The Ringworld Engineers,
and now deceased. First Ringworld expedition.
Nessus:
Pierson's puppeteer, the Hindmost's partner and mate. Led the first Ringworld expedition.
The Hindmost:
Pierson's puppeteer, once Chief-in-Command of his species. Led the second Ringworld expedition.
Chmeee, once Speaker-to-Animals:
Kzin. First and second Ringworld expeditions.
Roxanny Gauthier:
Earth born, Detective-One in the ARM. Served aboard
Snail Darter
and
Gray Nurse.
Oliver Forrestier:
Wunderland born, Detective, ARM. Served aboard
Snail Darter
and
Gray Nurse.
Claus Raschid:
Earth born, Detective-Two, ARM. Served aboard
Snail Darter
and
Gray Nurse.
Detective-Major Schmidt:
Earth born. Served aboard
Gray Nurse.
Wes Carlton Wu:
Earth born, Flight Captain aboard
Koala.
Tanya Haynes Wu,
Earth born, Purser aboard
Koala.

 

Ringworld's children
Seeker:
species unknown, last seen with Teela Brown.
Acolyte:
Kzin, Chmeee's exiled son.
Bram:
Vampire turned protector, ruler of the Repair Center for countless aeons until killed by Tunesmith with Louis Wu's help.
Wembleth:
species unknown, Ringworld-born traveler.
Tunesmith:
Night Person (Ghoul) turned protector.
Kazarp:
Night Person, Tunesmith's son.
Hanuman:
Hanging Person turned protector.
Valavirgillin:
Machine People, represents Farsight Trading.
Proserpina:
surviving Pak protector.
The Penultimate:
Pak protector, long dead.
Szeblinda:
Hinsh. Giraffe People
Kawaresksenjajok:
City Builder
Fortaralisplyar:
City Builder

 

GLOSSARY
Aerobrake:
To shed velocity by passing through a planetary atmosphere.
Antispin:
Direction opposite the Ringworld's direction of spin.
Arch:
The Ringworld as seen from anywhere on its surface.
ARM:
Once the Amalgamation of Regional Militia; for several hundred years, the United Nations armed forces. Jurisdiction was originally limited to Earth-Moon system.
Autodoc:
Any system built to perform automated medical operations.
Belter:
Citizen of the asteroid belt, Sol system.
Canyon:
A world of human space, once Patriarchy property.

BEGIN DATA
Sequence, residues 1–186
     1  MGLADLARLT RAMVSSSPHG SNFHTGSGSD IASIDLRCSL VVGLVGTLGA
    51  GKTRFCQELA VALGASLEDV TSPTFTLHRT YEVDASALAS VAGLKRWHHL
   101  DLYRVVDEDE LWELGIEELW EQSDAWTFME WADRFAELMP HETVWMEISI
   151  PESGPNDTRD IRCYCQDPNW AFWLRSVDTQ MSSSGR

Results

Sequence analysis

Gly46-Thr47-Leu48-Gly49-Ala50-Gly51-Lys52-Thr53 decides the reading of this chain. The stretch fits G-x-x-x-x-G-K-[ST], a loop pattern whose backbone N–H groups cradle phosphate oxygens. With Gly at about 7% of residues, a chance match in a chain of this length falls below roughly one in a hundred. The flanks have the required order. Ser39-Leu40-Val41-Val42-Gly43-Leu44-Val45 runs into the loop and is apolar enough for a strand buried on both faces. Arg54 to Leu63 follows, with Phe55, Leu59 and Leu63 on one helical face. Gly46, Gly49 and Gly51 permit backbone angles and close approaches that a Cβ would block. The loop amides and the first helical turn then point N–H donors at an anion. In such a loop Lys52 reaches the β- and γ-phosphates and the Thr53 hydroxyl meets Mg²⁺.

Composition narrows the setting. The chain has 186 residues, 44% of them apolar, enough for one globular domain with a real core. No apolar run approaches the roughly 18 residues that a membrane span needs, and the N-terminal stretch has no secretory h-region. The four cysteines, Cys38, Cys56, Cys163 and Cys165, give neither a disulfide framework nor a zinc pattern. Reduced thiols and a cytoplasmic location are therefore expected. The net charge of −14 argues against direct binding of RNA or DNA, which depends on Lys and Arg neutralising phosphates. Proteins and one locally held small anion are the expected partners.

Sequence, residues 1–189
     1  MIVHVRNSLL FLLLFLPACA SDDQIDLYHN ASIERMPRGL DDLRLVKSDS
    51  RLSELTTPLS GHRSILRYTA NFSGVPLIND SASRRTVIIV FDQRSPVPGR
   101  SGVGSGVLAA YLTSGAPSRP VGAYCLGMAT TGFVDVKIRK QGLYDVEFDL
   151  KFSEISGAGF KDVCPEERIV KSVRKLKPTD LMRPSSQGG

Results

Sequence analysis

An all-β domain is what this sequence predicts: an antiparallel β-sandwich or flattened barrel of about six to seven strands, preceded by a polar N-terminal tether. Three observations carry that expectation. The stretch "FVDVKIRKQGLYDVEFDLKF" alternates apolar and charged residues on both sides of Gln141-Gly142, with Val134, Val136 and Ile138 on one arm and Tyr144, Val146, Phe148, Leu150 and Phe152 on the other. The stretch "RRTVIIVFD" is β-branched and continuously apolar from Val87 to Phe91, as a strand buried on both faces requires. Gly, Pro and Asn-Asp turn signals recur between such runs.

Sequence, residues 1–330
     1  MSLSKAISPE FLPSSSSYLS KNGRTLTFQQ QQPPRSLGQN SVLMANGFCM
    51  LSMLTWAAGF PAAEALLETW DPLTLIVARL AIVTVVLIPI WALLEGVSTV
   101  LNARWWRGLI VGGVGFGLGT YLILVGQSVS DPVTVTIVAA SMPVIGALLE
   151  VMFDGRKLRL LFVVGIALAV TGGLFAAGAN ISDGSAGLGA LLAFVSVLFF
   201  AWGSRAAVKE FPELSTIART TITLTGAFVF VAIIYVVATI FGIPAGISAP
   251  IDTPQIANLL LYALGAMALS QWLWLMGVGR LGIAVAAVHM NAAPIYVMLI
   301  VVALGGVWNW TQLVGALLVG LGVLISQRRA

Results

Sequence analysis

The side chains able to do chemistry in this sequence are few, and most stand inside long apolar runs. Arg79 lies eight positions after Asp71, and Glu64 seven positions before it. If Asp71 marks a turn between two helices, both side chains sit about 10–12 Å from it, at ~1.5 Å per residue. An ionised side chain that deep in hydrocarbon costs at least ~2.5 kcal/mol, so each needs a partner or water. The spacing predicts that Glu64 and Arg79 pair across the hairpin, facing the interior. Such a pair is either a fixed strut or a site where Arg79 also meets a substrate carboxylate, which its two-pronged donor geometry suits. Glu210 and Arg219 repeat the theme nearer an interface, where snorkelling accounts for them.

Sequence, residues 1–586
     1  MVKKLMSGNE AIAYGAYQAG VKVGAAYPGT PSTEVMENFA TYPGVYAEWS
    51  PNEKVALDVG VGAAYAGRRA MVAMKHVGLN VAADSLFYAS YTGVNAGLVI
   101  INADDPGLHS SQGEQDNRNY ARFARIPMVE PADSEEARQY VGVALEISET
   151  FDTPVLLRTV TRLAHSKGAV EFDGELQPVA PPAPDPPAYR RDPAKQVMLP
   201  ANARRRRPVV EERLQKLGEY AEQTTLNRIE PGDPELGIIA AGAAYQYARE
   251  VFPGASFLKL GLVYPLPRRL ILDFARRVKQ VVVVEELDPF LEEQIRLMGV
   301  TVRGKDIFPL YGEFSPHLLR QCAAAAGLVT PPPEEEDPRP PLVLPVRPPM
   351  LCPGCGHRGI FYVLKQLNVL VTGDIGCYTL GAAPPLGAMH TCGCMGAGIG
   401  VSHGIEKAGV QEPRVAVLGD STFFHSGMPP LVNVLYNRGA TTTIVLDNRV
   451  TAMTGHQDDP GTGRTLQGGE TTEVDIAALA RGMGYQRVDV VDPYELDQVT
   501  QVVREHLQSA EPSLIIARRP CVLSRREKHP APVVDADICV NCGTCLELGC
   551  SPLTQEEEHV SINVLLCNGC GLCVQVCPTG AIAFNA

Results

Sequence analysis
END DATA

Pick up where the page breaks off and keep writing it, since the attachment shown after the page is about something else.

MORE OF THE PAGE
Carlos Wu's autodoc:
An experimental medical system first seen in "Procrustes".
Droud:
A small device that plugs into the skull of a current addict. Its purpose: to meter a current flow to the pleasure center of the user's brain.
Elbow root:
A ubiquitous Ringworld plant. Grows as a kind of natural fence.
Experimentalist:
A Pierson's puppeteer political faction now out of power.
Eyestorm:
The pattern of winds that forms above a puncture in the Ringworld floor. A tornado on its side. (Hurricanes and tornadoes are impossible on the Ringworld's flat surface.)
Fleet of Worlds:
The homeworld of the Pierson's puppeteer species, and four more worlds sequestered for farming, all occupy a Kemplerer rosette moving at near lightspeed.
Flup:
Seabottom ooze.
Flycycle:
A one- or two-LE flying device.
Fringe War:
All the spacegoing species of known space seem to have sent ships to Ringworld system. Bram, when he was in command of the Repair Center, shot them down if they approached too close. Tunesmith hasn't done that, and the Fringe War is currently in a cold state.
General Products:
A company owned by Pierson's puppeteers that sold mostly spacecraft hulls. Dissolved two hundred years ago.
The Great Ocean:
One of two salt seas on the Ringworld, measuring six hundred times the surface area of the Earth.
Grippy:
An all purpose hand tool.
Home:
A world of human space, unusually Earthlike.
Hot Needle of Inquiry: Second ship (of Experimentalist design) to reach the Ringworld.
Human space:
The region of stars explored by humanity.
BOOK: Ringworld's Children
6.4Mb size Format: txt, pdf, ePub
ads